William Griffin (1791 -1861) was one of a large family of Griffins who lived near Southam and was a tenant farmer of mixed arable land and pasture at Stockton Fields. His family had been farmers in Fenny Compton before 1660 and had moved via Farnborough and Avon Dassett to Stockton in the early 19th century and there they stayed for the next 150 years.

The land he worked was not merely pasture and plough, because he also realised it was excellent for lime burning and cement, and so he made a business out of it that supplemented his more meagre agricultural income. In 1841 this notice was posted with the address as ‘Stockton new Blue Lime Stone Quarry’:

‘The undersigned is desirous of extending the use of the finest lime to be procured in England, and accordingly will be happy to supply the lime stone or pure well burnt lime to any persons for building or agricultural purposes, and will contract for delivering the same in boats, at any wharf or place on the different canals with which the Warwick & Napton communicates. There will always be a supply of the finest burnt blue stone lime, or lime stone, ready at the wharf on the canal, to be loaded on boats passing, without trouble or delay. Applications to be made to me at the Farm House or to the Foreman at the lime works. William Griffin.’ (Source: John Frearson)

William left an estate of £4,873 in 1861 and his son Thomas carried on the business with his son-in-law Thomas Archer. Thomas Archer was a chemist living at the old Manor House on Market Hill, which may well explain why the Manor House was once cement rendered.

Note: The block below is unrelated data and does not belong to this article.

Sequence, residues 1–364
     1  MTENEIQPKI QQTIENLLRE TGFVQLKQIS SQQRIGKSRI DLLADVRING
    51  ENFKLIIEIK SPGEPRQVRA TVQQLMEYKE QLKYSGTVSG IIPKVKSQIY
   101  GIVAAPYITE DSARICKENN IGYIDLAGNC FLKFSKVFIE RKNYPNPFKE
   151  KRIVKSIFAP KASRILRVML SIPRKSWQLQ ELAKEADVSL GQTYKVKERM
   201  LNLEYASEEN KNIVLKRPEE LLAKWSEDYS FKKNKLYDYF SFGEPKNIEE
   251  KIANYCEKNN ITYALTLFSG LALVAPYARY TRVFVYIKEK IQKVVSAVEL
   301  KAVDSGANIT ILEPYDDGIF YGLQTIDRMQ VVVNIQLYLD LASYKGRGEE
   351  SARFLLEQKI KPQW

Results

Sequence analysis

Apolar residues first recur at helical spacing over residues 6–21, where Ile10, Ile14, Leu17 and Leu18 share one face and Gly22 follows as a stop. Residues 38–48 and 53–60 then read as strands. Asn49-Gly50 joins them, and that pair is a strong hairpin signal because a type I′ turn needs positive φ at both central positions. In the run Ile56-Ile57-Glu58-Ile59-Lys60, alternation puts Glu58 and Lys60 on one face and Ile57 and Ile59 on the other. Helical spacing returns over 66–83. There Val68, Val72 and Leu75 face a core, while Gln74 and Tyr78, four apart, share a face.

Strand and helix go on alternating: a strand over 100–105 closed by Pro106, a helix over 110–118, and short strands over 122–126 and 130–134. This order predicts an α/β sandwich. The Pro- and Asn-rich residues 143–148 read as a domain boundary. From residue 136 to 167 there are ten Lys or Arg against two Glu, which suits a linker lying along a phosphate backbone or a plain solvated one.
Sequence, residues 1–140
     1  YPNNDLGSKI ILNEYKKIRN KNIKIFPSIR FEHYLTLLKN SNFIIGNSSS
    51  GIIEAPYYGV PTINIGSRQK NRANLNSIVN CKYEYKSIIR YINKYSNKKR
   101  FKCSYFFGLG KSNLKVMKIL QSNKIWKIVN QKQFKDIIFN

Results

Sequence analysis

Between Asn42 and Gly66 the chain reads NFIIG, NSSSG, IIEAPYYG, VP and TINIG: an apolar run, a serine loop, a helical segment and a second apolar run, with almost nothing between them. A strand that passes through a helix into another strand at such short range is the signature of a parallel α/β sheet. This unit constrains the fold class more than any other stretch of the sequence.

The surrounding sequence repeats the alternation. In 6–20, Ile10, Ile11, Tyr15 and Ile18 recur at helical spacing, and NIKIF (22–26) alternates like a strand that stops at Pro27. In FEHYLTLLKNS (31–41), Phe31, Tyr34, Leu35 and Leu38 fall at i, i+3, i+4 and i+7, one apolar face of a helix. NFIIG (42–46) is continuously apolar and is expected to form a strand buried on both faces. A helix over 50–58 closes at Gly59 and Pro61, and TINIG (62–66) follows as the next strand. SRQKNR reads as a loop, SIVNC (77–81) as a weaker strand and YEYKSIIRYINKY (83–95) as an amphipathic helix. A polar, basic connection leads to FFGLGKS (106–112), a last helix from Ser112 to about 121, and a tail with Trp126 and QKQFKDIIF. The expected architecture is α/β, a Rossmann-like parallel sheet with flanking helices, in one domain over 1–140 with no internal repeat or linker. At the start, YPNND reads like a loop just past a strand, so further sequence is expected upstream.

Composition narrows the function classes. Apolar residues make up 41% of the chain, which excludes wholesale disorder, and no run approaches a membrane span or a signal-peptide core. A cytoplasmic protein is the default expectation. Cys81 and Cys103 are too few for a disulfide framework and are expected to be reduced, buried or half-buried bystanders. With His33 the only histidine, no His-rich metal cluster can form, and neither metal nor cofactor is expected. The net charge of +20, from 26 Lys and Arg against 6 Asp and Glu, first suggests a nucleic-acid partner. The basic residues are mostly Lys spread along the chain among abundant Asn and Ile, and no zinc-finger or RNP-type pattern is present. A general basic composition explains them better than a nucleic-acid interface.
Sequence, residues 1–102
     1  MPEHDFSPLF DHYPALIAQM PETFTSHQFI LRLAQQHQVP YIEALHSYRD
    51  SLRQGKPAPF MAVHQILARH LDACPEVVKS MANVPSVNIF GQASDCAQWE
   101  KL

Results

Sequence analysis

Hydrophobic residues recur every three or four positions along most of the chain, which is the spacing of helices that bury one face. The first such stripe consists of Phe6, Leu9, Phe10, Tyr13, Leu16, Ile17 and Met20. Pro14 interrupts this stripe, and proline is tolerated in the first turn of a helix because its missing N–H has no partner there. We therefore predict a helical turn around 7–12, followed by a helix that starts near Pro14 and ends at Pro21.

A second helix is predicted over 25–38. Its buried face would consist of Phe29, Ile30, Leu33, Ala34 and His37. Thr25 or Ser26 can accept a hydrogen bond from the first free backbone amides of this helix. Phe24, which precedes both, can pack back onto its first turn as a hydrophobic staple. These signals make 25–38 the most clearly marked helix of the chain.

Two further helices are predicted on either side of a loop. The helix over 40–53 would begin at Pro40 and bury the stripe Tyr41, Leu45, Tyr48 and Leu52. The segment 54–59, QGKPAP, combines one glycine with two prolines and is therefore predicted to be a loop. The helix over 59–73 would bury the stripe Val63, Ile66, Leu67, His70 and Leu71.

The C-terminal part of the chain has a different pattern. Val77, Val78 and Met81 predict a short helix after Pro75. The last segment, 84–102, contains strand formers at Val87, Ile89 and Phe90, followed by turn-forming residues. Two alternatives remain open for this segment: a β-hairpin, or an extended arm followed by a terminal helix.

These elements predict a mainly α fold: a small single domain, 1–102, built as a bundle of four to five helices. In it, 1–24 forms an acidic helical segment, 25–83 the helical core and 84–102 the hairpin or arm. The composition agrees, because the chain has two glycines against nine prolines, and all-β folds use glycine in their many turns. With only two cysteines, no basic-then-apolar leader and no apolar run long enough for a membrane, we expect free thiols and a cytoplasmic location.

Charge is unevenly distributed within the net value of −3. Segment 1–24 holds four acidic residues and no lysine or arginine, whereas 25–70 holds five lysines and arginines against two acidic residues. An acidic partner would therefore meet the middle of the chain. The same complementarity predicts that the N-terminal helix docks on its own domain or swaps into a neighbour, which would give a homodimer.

Thomas Archer was a very able businessman and kept an eye on his widowed mother-in-law and the financial affairs. There appeared to be some ill feeling between him and his brother-in-law Thomas Griffin, who was perhaps doing the daily hard grind of more physical work. Thomas Griffin died aged 42 years and his surviving brothers, William, John and George took over the lime and cement business, although they were still involved in farming.

William and John remained bachelors all their lives at Stockton Fields, but brother George lived in Southam on the High Street where he was a wine and spirit merchant. He was also a hatter and it is thought he may have made top hats for the boys of Rugby School, although that could have been his son, George Thomas Griffin who had a hatter’s business at 6 Market Place, Rugby.

George’s son John took over the wine and spirit business when his father died and after marrying his cousin Sarah Jane, also appears to have been involved in the cement business. The 1881 census described him as “Wine and spirits merchant and lime merchant. Farmer of 50 acres employing 2 labourers and 1 boy.” The photograph was taken at the Griffin Farm in Stockton.

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